Alvin Smith, Northeast Oklahoma City
Context: Smith said he supports the Second Amendment but has concerns that open-carry gun laws could end badly for minorities, especially black men, if residents get into a verbal altercation. Smith said he does not understand the need for open-carry laws when people can carry a concealed weapon, adding he would not feel safer openly carrying a handgun.
Jeffrey Hickman, Speaker, Oklahoma House
Context: Hickman co-authored the bill that legalized open carry in Oklahoma in 2012, but says he himself would probably not carry a firearm openly because of the risk of being targeted by criminals. Still, he said, legalizing open carry may benefit others, including rural residents who are not around other people as often and don’t need to conceal a weapon.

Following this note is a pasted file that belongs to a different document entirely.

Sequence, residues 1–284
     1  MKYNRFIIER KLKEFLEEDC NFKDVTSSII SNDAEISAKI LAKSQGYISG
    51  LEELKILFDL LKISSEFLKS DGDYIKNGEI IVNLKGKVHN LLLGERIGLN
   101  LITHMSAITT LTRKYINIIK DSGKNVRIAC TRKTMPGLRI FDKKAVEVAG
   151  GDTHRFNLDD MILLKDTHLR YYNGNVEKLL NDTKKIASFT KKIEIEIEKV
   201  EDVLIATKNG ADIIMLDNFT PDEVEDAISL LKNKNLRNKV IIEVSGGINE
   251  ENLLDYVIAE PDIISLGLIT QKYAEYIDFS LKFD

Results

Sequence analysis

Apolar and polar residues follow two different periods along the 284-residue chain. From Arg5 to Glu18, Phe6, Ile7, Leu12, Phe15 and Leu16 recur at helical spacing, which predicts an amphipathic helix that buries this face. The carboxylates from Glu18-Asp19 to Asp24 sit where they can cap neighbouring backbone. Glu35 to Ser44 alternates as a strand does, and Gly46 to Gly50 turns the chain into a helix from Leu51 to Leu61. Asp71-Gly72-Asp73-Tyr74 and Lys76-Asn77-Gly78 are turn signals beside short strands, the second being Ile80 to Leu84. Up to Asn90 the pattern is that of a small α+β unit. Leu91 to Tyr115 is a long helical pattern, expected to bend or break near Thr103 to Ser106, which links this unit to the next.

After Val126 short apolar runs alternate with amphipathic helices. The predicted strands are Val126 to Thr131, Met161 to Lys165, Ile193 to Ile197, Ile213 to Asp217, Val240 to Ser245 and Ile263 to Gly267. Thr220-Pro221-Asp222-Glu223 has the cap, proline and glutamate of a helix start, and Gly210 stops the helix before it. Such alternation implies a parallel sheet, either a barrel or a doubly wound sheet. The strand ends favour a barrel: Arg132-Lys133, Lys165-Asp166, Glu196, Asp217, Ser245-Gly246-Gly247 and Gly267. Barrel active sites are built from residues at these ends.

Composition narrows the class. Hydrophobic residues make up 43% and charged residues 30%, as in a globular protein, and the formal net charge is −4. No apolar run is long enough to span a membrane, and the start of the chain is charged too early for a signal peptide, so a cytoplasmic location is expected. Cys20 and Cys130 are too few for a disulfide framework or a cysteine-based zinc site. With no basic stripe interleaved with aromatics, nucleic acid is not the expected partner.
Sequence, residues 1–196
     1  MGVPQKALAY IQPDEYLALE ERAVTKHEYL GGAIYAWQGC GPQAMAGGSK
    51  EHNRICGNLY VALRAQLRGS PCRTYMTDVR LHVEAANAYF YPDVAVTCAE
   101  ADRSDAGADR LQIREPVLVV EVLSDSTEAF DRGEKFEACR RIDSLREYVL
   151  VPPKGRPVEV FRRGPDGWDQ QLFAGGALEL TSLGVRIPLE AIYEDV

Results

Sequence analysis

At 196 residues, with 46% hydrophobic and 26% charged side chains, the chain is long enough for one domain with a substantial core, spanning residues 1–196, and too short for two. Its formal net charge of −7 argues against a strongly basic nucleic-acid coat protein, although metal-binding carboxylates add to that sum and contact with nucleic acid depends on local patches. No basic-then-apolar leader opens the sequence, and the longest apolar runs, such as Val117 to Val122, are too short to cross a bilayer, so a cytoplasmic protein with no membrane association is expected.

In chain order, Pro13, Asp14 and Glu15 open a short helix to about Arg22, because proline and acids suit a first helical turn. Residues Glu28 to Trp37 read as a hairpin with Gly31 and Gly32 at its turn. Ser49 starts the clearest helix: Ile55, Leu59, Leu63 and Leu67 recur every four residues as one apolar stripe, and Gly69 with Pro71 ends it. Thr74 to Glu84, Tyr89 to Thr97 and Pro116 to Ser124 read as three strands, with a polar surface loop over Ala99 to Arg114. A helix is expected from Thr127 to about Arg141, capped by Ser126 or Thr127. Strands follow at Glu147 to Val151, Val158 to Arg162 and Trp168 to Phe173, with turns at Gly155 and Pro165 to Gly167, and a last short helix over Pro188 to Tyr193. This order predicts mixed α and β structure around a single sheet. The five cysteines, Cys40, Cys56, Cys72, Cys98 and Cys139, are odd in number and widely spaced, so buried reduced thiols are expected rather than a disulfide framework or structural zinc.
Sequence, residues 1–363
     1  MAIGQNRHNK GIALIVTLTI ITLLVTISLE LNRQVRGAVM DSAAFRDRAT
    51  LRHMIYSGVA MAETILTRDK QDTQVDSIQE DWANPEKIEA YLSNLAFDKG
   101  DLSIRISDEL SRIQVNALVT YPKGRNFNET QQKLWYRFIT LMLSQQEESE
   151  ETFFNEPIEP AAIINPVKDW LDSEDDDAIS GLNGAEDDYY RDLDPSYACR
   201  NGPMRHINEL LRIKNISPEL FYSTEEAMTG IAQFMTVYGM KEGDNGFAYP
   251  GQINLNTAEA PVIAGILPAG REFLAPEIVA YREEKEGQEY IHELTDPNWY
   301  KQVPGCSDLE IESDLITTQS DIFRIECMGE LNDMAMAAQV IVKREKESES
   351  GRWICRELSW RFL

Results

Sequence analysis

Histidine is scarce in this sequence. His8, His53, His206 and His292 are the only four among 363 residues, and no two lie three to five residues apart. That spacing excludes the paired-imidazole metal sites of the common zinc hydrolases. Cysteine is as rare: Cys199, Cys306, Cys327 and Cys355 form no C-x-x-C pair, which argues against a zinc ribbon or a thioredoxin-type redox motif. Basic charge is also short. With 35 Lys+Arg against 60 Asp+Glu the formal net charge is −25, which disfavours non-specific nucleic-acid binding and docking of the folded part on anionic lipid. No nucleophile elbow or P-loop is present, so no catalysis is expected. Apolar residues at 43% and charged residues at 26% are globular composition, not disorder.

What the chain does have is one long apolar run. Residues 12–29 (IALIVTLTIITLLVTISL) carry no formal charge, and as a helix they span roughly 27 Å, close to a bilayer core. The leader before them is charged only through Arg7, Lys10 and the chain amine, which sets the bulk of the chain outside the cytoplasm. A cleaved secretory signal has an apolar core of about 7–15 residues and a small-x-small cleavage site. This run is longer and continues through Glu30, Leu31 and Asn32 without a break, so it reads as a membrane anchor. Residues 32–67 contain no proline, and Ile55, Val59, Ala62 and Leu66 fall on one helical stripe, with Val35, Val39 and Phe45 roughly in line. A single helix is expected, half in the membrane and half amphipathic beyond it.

A Deeper Look:
Oklahoma has some of the most lenient gun laws in the nation, according to news reports and sites promoting or opposing more gun regulation. In 2012, the state broadened its handgun license to cover open carry as well as concealed carry. That year, nearly 40,000 people obtained a license, followed by 60,000 in 2013 and 45,000 in 2014, Oklahoma State Bureau of Investigation data show. More than two-thirds of license holders are men. About 1 percent of applicants were denied a license. Below are racial breakdowns for license holders.